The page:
Avoid checking at dawn and dusk when parents are busiest feeding babies. Always tap on the birdhouse first to avoid startling parents. With front- or side-opening bluebird houses, avoid nest checks once babies are about 12 days old as it could cause premature fledging. Never handle eggs or touch nestlings and most of all… don’t pester the birds.
The innovative bluebird house shown is the Gilbertson Nest Box and blues just adore it! Rather than a door for monitoring, the PVC coffee can-shape cavity pops on and off the roof’s underside via two pins. Simple to monitor, just squeeze the top of house with both hands to elongate and release the birdhouse part. Take a peek at eggs or nestlings and pop the house back onto the roof in the same fashion. The Gilbertson is NABS approved, withstands weather and deters house sparrows with its overhang roof.
For information on becoming a bluebird landlord- please visit Sialis.org for more comprehensive answers to all bluebird questions!
Hard working Moms deserve the best for Mother’s Day… simply because they ARE the best!
Whether human, winged or 4-legged, Mom works harder than anyone else in the family unit. Let’s face it- if it were up to Dad to lay eggs, there would be no babies! The same is widely said of humans too 🙂
Yesterday was National Bird Day and although we may have missed it… we celebrate backyard birds everyday for the sheer joy and calming effect they have when one takes the time to observe. Chaos is lifted, you’re absolutely unplugged, no tracking or pop-up ads (don’t you just despise them?)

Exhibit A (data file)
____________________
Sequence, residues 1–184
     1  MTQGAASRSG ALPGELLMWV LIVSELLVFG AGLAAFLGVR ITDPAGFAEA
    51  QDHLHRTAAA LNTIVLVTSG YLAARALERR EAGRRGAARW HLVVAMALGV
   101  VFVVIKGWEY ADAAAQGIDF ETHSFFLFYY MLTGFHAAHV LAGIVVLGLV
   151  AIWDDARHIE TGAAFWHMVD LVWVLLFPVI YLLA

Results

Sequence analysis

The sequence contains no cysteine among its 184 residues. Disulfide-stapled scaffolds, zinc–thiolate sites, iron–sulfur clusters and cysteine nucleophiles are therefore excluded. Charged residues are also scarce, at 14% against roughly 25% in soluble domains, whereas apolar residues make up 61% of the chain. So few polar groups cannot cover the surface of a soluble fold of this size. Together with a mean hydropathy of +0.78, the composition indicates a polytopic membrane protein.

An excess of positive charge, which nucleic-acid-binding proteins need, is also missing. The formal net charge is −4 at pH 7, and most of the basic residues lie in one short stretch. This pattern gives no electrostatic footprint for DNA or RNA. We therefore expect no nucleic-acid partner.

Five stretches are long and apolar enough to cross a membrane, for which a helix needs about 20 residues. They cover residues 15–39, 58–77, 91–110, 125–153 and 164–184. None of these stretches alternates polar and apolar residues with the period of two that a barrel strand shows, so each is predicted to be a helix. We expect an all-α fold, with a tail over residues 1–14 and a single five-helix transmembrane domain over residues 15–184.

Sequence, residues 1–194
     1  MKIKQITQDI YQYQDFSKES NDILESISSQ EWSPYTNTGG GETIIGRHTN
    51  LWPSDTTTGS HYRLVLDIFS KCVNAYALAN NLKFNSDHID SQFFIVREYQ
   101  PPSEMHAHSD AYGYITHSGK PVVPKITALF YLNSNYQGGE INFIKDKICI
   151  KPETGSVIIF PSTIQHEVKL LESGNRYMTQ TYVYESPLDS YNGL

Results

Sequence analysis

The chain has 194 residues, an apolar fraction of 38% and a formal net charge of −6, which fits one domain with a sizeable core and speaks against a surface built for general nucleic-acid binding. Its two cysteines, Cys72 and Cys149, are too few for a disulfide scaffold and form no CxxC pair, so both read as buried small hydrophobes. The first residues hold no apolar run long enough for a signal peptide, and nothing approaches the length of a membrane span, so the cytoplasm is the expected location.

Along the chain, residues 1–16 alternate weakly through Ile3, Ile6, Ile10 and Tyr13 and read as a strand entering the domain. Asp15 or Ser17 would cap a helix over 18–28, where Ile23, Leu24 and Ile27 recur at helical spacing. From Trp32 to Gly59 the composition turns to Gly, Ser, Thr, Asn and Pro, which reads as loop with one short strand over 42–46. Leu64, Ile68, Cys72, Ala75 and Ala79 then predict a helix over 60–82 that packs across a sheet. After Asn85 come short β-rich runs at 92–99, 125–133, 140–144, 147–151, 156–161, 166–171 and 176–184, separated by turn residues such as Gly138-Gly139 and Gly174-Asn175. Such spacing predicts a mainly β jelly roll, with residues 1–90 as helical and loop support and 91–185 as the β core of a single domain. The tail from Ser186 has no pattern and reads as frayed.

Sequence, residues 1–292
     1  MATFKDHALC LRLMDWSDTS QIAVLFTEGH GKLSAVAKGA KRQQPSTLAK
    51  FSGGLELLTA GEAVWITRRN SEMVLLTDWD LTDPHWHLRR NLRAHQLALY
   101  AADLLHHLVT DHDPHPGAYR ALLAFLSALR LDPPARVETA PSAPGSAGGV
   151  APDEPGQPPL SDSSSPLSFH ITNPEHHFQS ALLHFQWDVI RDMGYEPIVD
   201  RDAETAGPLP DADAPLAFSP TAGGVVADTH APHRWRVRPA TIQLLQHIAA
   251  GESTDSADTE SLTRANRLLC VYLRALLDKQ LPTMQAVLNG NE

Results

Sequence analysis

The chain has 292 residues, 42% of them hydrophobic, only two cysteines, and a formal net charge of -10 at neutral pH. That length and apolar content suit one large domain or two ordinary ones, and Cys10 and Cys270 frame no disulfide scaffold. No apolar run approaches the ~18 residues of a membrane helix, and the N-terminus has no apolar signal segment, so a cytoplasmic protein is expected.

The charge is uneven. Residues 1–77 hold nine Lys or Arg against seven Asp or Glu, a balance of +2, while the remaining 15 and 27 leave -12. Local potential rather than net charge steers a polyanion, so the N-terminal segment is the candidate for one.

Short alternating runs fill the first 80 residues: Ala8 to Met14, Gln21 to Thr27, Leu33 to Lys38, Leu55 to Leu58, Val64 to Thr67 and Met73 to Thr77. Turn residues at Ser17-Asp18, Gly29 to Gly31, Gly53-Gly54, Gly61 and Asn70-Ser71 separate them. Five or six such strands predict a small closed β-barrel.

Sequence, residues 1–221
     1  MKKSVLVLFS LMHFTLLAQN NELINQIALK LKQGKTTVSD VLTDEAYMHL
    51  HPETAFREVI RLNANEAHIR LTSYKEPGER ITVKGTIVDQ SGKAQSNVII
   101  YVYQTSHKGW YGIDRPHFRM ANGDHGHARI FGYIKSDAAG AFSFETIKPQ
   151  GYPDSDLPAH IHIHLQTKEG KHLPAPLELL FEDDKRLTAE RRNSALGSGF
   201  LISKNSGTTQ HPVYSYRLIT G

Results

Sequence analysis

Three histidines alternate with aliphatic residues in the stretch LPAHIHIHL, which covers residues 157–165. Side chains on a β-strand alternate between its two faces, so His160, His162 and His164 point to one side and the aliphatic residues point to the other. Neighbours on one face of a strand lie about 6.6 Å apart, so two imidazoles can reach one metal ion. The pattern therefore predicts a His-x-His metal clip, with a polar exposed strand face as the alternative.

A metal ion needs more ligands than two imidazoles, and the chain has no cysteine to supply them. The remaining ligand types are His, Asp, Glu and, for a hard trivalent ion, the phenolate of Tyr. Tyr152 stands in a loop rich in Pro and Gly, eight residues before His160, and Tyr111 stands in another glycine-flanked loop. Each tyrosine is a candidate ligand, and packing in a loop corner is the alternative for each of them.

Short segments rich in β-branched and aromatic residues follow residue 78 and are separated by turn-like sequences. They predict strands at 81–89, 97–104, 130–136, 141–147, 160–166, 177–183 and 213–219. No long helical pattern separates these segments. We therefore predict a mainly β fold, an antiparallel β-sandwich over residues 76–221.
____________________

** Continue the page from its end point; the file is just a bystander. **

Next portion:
While Dad gets all the vivid color and glory in the avian world, Mom is really the superhero… what’s up with that? It’s true of cardinals, bluebirds, grosbeaks, orioles and so many other resident and migratory fliers who visit our yards.
Not all birds use houses, some may never even visit your feeders. That’s not to say you can’t offer the best birdhouse for those who do!
What makes it the best? First and foremost- it’s the one you will maintain! Be it a birdhouse, feeder or birdbath- they must be monitored and kept clean for birds.
A leaky birdhouse sitting with bug-infested rotted nest is of no use at all. A bird feeder with nasty seed only serves to spread mold spores and bacteria which can be fatal to birds in the form of respiratory disease. This is very common among finches, pine siskins and the like.
So what else makes the best birdhouse-bird feeder? Functionality, for sure! Feeders should be easy to clean and they should keep seed dry. Birds should have easy access as well. Houses should have the proper entry size for the birds you’re wanting to host and of course proper ventilation and drainage.
While a chickadee needs only 1-1/8″ hole size, an Eastern bluebird requires 1-1/5″ entry. And so help us- if we find the neighbor who has the birdhouse with gigantic gaping hole… because this is where dreaded starlings have decided to take up residence. And they come to our yard to feed!
Last, handmade designs will always make for timeless and stunning gifts! Crafted by artisans who have a passion for wild birds, the unique birdhouse-bird feeders are more than just objects. Also serving as garden decor, these pieces display one’s talent and soul that went into creating the art. Mediums vary from wood, to copper, pottery and more, some are even one-of-a-kinds and signed/stamped by the artist. All are bird-approved- making them by far, the best birdhouse gift for Mother’s Day… and for the mama birds around her place too!